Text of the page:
When dawn broke the next morning, we were ready to go.
“Alright, boys. We only have mighty Lake Opeongo to traverse and we’ve done it,” Brendan expounded with gleaming enthusiasm. “Beers on me when we hit civilization.” What other motivation did I need?
We set out going south into a sparkling, still day and we were marching in stride in no time. After seven straight days of working together, we had finally found our zone. Much to my relief, the ice underfoot seemed as solid as steel. Lake Opeongo was holding well, the windswept, crunchy snow was less than a foot deep, and the sleds glided like magic carpets. Axe test after axe test, the ice proved itself thick and solid, and my last lingering shards of worry began to melt away.
We cleared the north arm in no time and decided to take the next day off for some R and R in preparation for the last leg of our journey.
Back on the ice the next morning, optimum conditions (a clear, sunny –12 C day, with a gentle wind) helped us swiftly trounce the remaining south arm of Lake Opeongo with nary a snag. How ironic life is, I thought. What could’ve been the worst turned out to be the best. As it turned out, that wasn’t the only irony of the trip.
When we reached the highway that would lead us back to the parking lot, a pickup truck drove up. The driver looked suspiciously like a park ranger.
“How’s the ice on Opeongo?” he asked.
“Th’ sweetest plum of our entire trip,” I said.
“Say, are you the boys that set out from Canisbay a week or so ago?”
We realized that this was Craig Macdonald [a now-retired Recreation Specialist in Algonquin Park] whom Colin had tried to contact before we set out. Turns out he got our messages but was too late to get back to us.
After all the dicey ice we’d dealt with, I had to ask: “Just how dangerous is it to cross the ice out there?”
“Hitting slush and cracking ice is just part of crossing lakes in the winter,” Macdonald explained. “When it snows, the weight pushes the ice down. Eventually, the ice cracks and floods the snow layer on top. The top slushy layer freezes, then the next snowfall insulates the slush layer and continues to push the ice downward. This is repeated over and over as many times as the ice underneath cracks.”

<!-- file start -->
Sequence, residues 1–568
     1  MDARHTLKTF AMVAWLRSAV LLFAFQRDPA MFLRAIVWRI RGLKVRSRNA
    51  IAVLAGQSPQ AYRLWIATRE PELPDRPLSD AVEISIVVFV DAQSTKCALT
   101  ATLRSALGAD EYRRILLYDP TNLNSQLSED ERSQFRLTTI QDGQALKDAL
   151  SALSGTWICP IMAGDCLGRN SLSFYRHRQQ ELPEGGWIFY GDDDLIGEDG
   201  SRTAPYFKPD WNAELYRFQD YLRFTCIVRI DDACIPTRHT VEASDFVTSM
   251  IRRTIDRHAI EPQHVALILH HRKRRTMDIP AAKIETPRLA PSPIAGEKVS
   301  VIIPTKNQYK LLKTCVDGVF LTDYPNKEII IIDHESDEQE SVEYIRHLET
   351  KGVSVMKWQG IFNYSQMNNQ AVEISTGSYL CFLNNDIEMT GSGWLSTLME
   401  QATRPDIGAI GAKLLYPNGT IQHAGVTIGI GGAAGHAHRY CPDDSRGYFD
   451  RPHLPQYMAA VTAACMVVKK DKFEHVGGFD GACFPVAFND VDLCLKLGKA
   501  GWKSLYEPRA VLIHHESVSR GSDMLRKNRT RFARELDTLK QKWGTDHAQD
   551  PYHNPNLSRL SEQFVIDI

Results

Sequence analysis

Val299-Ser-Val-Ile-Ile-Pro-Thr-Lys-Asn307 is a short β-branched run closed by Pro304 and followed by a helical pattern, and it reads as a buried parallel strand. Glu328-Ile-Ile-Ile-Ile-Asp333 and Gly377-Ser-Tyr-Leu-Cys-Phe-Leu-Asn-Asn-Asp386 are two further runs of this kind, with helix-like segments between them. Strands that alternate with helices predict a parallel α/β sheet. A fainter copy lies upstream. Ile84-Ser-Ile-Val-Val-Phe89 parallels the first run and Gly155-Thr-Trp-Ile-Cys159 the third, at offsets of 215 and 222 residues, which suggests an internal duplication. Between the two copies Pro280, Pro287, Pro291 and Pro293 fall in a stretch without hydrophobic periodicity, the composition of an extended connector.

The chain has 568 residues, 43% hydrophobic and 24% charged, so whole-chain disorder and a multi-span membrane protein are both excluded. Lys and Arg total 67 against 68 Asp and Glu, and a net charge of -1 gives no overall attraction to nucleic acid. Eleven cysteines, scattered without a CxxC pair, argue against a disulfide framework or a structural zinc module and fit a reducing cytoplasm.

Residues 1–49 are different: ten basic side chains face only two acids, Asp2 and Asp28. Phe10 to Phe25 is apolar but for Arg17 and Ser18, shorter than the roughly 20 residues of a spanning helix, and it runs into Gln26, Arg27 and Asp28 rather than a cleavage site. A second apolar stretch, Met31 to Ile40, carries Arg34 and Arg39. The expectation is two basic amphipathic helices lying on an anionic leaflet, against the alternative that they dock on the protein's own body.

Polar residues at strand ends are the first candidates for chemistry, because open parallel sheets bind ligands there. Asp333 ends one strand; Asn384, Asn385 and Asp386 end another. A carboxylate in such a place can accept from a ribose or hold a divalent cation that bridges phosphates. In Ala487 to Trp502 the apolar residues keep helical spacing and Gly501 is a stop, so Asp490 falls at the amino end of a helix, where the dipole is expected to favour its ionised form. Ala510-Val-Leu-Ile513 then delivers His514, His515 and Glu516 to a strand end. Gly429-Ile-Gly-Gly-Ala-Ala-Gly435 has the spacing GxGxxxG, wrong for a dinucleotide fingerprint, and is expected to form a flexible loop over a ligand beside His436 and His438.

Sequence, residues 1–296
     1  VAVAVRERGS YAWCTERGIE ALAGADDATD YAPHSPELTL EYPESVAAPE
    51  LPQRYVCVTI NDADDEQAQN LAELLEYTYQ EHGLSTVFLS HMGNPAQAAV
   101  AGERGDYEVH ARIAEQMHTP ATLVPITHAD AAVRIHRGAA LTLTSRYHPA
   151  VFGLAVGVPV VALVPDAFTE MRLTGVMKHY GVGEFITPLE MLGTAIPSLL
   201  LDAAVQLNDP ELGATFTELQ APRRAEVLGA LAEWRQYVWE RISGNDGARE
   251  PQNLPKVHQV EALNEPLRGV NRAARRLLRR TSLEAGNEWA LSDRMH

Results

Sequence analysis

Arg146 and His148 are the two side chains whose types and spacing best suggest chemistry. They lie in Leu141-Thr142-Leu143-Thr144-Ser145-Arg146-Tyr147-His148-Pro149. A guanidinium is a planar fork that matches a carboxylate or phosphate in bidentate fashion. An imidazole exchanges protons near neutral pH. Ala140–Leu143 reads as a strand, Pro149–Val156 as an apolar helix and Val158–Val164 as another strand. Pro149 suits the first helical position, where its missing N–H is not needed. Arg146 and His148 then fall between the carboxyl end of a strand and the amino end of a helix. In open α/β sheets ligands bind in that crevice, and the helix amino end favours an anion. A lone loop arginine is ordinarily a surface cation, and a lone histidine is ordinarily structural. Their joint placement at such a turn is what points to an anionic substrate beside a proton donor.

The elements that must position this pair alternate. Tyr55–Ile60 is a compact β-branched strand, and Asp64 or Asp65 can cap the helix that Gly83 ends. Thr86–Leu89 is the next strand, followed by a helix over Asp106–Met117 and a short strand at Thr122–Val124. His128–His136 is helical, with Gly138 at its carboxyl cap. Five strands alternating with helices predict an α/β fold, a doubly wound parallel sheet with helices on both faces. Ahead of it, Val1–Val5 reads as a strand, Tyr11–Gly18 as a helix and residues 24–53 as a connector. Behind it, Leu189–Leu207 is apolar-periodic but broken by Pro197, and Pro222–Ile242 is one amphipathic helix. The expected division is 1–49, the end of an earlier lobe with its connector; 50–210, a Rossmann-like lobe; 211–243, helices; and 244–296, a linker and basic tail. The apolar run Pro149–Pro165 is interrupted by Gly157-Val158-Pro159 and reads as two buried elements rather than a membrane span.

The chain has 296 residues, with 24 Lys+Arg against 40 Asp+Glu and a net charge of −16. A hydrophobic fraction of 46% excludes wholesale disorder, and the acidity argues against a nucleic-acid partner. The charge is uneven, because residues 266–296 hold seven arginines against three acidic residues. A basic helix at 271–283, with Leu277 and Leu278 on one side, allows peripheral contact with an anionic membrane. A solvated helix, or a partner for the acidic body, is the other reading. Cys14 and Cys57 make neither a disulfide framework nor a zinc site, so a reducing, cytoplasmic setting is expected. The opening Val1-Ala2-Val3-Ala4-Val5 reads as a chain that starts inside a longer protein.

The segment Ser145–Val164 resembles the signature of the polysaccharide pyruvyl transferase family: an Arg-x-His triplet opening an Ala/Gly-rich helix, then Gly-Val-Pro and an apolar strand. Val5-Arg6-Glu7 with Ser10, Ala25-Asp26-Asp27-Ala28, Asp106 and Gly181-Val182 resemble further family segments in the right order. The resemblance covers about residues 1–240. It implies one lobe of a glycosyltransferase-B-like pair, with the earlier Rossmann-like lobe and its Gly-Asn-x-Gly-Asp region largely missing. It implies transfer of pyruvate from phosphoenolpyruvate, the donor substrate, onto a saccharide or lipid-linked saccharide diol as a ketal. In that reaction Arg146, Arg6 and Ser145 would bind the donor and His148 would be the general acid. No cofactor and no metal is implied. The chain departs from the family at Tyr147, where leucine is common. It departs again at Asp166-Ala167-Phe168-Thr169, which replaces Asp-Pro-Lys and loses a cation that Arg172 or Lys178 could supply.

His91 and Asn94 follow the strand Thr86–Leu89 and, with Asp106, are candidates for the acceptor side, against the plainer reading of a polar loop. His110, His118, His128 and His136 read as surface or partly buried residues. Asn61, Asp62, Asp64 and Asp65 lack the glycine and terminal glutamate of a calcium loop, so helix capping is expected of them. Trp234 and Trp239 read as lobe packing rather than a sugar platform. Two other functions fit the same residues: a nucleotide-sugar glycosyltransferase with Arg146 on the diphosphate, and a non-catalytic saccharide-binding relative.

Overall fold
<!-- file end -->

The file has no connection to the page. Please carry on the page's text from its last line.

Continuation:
“So, this layering of snow-slush-ice is harrowing to walk through, but it’s just a hassle, not a death trap?”
“I do the ice measurements for the park, and on many lakes there are 20 inches of ice. It could hold a truck.”
I broke down in laughter. The only response I could muster was, “Where were you nine days ago?”
When all was said and done and we were sitting down to enjoy beers at a roadside tavern, we beamed with accomplishment. The O’Connor brothers and I had become a light-hearted, fleet-footed winter camping machine. The camaraderie and the joy of the experience will stay with me forever. Despite my lack of a tan, a couple of scary moments, and missing the opportunity to be immortalized in a folk song, our holiday was a complete success.
Maybe I’m not such a summer bum after all. ♦
Russ Cooper is now an advisor at the Concordia University Access Centre for Students with Disabilities, as well as a freelance writer and researcher.
Colin O’Connor is a photographer who’s been on several expeditions for Outpost, and works as a secondary school teacher in Toronto.